There’s only one story to report in this month’s roundup: the COVID-19 pandemic, which exploded in Ireland and across the globe shortly before St. Patrick’s Day and soon cancelled parades, closed pubs and churches, and cloistered communities. As history’s longest March draws to a close, here are some key developments from the island of Ireland:
- A combined 67 people have died, and more than 3,000 have tested positive for COVID-19, in the Republic of Ireland and Northern Ireland as of March 29. Sadly, these numbers will grow.
- Citizens of the Republic are on strict quarantine through April 12, Easter Sunday. Gardaí are patrolling the streets to enforce the lock down.
- The Republic nationalized all its hospitals. “For the duration of this crisis the State will take control of all private hospital facilities and manage all of the resources for the common benefit of all of our people,” Ireland’s Health Minister Simon Harris said. “There can be no room for public versus private when it comes to pandemic.”
- Aer Lingus completed the first of 10 scheduled round trips to bring personal protective equipment (PPE) from China to Ireland in a €208m deal, RTÉ reported March 29.
- In the midst of the pandemic, the Republic is still trying to forge a new government. The Fine Gael and Fianna Fáil political parties, both center right but historic rivals, are reported to be nearing a deal on a new administration in the coming weeks. The left-wing Sinn Fein, which topped the Feb. 8 election, would be kept … well … isolated.
- The Irish people paused March 26 to applauded healthcare and front line workers fighting the pandemic. “In the Dáil, TDs stood at the allotted hour, forgetting their discussions of emergency measures for a brief moment to clap with gusto in appreciation of the hundreds of battles being fought by medical staff around the country,” The Irish Times reported. In the North, the “Clap for Carers” tribute featured buildings lit blue and cathedrals ringing bells.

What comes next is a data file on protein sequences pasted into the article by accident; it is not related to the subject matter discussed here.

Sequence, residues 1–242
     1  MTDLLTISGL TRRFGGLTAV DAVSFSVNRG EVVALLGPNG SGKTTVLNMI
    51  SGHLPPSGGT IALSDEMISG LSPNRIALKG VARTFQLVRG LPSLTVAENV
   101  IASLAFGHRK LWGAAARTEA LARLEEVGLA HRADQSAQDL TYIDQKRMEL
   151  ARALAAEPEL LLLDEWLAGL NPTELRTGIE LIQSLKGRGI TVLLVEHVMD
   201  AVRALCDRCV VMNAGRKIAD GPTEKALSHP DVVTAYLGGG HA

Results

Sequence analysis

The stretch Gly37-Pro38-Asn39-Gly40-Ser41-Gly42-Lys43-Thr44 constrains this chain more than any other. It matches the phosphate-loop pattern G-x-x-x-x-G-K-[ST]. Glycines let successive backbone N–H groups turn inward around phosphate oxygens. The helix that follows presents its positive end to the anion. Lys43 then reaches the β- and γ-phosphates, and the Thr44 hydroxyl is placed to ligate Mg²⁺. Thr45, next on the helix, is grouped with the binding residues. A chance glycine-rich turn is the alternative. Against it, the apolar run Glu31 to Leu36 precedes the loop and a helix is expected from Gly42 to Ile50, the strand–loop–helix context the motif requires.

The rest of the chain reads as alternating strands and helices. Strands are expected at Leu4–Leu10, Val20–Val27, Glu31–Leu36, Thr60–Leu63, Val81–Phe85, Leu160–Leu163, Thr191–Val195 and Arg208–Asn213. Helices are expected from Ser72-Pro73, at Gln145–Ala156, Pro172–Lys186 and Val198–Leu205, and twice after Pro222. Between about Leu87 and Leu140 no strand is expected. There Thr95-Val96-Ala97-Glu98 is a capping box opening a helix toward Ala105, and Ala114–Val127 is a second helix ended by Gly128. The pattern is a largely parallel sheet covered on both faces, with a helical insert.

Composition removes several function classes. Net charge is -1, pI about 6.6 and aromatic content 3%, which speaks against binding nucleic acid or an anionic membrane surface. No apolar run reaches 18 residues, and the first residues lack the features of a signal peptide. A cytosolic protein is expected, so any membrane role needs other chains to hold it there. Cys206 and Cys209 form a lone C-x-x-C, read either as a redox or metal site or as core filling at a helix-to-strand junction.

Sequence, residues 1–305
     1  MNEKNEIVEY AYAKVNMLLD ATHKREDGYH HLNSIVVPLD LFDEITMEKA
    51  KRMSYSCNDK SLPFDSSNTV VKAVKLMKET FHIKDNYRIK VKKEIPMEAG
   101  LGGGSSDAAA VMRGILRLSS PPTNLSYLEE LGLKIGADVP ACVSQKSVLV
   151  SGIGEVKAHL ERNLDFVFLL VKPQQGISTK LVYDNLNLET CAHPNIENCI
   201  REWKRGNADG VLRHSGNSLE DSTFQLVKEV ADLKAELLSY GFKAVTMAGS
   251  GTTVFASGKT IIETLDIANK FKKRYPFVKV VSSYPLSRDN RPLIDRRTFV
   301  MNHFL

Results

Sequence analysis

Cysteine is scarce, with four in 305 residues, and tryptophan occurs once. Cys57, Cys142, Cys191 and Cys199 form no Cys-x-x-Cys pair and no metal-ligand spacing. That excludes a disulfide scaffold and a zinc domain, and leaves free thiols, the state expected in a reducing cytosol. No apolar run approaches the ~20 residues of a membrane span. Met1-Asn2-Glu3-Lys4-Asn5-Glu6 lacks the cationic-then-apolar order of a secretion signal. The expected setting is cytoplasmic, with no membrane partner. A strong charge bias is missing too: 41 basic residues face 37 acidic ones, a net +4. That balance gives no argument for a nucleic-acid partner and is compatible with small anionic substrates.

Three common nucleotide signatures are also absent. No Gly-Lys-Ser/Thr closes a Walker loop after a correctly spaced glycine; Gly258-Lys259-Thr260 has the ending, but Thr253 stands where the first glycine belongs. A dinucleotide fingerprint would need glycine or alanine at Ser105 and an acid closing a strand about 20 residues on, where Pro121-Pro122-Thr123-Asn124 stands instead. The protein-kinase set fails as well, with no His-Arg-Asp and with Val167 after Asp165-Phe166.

- Irish Ambassador to the United States Dan Mulhall advised Irish citizens in America, especially those on short-term visas, to return to Ireland, “if there are doubts about the stability of your employment & your access to health care cover.”
- The 50th Listowel Writers’ Week in North Kerry, scheduled for May 27-31, was postponed until 2021.
- As encouragement to the people, Irish President Michael D. Higgins recorded his 27-year-old poem Take Care. Click the SoundCloud link in the tweet below:
Earlier today, on @NewstalkFM radio, President Higgins recorded one of his poems, first published in 1993.
— President of Ireland (@PresidentIRL) March 27, 2020